Anyone who performs at Kat's ceremonies has its own reason to be there. Some are psychonauts – people who want to explore altered states of consciousness through the use of psychedelics. Others, like Laura, a 35-year-old woman from Philadelphia, are drawn to plant medicine as a final blur to conquer an addiction.
In Laura's case, there was a 14-year dependence on heroin. "I was on the verge of death. I tried all the conventional methods you can think of – detox, counseling, rehab – and nothing worked," she told me. She eventually found ibogaine, a psychedelic connection derived from the roots of a West African bush. "Ibogaine was like a myth on the streets, this miraculous modality that could reset your brain and save you from the kind of addiction."
Laura told me she eventually went to her family and said, "Put a gun in my mouth and pull the trigger or send me to an ibogaine clinic." They sent her to an ibogaine treatment center just north of Cancun, where she did a few sessions. She has now been clean for the last eight years.
Ibogaine is not as well-researched as psilocybin or LSD, and it is relatively dangerous, but it is one of the most powerful known psychedelic drugs, and preliminary research suggests that it can be an effective treatment for opioid and cocaine addiction.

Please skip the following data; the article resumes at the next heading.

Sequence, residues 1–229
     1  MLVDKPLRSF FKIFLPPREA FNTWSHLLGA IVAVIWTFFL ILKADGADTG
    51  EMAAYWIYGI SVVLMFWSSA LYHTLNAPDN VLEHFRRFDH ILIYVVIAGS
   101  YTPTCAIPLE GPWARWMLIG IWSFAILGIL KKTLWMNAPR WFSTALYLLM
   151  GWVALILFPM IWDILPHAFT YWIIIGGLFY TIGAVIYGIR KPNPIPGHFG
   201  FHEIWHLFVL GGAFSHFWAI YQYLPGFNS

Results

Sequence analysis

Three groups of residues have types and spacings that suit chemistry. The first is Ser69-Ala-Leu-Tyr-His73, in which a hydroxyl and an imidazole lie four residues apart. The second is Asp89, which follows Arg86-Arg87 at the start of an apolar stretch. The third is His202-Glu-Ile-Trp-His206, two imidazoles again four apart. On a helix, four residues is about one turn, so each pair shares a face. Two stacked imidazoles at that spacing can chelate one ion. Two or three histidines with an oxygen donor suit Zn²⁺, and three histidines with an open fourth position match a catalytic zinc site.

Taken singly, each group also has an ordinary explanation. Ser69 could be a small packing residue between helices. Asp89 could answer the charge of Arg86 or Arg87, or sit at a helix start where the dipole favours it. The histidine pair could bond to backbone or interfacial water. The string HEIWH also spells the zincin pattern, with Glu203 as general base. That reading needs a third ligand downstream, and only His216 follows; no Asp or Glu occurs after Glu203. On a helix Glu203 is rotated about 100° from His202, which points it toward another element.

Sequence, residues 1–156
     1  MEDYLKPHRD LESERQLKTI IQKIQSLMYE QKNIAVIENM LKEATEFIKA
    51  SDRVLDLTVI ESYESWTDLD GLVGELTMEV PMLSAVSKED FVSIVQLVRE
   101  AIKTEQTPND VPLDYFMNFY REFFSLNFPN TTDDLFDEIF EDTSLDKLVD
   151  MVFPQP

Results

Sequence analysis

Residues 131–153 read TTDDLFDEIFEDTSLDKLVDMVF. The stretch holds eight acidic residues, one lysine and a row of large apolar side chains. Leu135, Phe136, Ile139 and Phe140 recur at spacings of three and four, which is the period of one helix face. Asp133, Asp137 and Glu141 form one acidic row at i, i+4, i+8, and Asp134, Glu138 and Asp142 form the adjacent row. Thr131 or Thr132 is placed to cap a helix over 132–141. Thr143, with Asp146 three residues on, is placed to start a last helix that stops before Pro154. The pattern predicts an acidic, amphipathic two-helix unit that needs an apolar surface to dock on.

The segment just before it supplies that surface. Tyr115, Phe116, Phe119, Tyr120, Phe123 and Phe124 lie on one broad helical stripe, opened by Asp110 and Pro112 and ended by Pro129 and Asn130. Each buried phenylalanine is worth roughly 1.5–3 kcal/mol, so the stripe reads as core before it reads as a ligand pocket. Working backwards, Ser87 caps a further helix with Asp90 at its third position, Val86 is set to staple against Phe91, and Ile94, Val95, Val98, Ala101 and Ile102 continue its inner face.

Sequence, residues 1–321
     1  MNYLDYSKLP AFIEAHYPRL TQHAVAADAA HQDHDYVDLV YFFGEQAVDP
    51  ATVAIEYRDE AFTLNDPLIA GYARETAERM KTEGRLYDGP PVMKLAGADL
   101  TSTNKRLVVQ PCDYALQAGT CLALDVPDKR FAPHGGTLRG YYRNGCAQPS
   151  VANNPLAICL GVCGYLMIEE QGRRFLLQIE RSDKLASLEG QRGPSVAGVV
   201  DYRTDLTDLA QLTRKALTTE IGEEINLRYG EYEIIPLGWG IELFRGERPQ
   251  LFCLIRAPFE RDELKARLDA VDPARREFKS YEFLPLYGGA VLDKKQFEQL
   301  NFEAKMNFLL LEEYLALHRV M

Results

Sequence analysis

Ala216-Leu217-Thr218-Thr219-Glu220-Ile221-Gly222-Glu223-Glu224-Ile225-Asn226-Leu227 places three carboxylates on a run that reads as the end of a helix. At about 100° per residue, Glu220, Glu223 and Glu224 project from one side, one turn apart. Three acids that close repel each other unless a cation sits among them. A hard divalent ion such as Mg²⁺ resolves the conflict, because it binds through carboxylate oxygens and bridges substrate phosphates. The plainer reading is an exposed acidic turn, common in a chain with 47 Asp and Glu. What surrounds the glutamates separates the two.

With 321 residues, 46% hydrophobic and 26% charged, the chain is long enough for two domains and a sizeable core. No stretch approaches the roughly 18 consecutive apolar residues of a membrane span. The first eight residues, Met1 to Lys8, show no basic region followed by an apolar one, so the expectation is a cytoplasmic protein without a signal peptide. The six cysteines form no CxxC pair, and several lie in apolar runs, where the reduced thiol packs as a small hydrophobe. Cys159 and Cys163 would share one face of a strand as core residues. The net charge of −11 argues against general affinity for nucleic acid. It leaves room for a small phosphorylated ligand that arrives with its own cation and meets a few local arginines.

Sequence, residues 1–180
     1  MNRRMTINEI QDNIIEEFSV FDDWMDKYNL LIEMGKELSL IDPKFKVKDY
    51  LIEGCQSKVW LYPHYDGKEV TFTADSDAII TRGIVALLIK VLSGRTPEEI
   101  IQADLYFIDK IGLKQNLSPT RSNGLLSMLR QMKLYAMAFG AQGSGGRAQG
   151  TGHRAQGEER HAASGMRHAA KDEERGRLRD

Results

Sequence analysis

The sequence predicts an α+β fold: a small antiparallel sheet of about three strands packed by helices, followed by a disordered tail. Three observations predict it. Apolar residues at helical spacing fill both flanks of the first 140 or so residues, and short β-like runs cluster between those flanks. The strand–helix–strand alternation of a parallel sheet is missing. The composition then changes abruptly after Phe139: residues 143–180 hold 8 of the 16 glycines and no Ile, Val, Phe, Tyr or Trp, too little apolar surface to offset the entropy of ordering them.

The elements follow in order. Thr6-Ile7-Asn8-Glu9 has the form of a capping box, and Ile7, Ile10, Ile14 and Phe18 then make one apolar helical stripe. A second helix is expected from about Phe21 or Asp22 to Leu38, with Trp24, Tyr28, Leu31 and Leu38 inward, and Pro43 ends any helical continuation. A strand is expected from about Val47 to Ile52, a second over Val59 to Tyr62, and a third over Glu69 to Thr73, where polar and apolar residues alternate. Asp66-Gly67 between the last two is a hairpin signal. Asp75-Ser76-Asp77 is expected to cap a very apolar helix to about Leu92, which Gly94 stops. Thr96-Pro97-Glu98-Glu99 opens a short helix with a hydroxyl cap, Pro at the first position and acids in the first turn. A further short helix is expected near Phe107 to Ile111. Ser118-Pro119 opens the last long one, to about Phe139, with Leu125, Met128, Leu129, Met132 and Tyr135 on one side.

Another woman, a 48-year-old from Kansas I call April, told me she spent 15 years at Adderall, a stimulant prescribed for attention deficit hyperactivity disorder. "It took my whole life – every decision, every plan, basically every moment." She tried to quit several times, but the withdrawal was too much. On a whim, she decided to look at psychedelics and found her way to Kat's website. A few weeks later she sat in a ceremony.
Her first ayahuasca tour was in September, almost three months ago, and she hasn't touched the Adderall side. "The experience was rough," she said. "It was like seeing myself and my life through a mirror, and I could see all the stitches I wear, how Adderall had become this crutch, this source of false energy that drove me through my life. I feel it is recalibrated my whole being. "
These stories are inspiring, but it is not clear how representative they are. Psychiatry is not a magical elixir, and there are physical and mental dangers to taking them randomly, especially if you are on medication or have been diagnosed with a psychiatric condition. But used in a proper setting with a trained guide, they can be remarkably therapeutic. (As far as I know, there are no documented "bad trips" in the research literature.)
Kat believes this work can be more influential if it was not forced to become underground. "If this were legal, I'd spend more time with people before and after the experience. I want to build my team and do this over the earth as a regular business and take care of people from start to finish. Because we're in this legal gray area, people often enter the ceremony, and then they are shot all the way back to the world, and it can be traumatic. "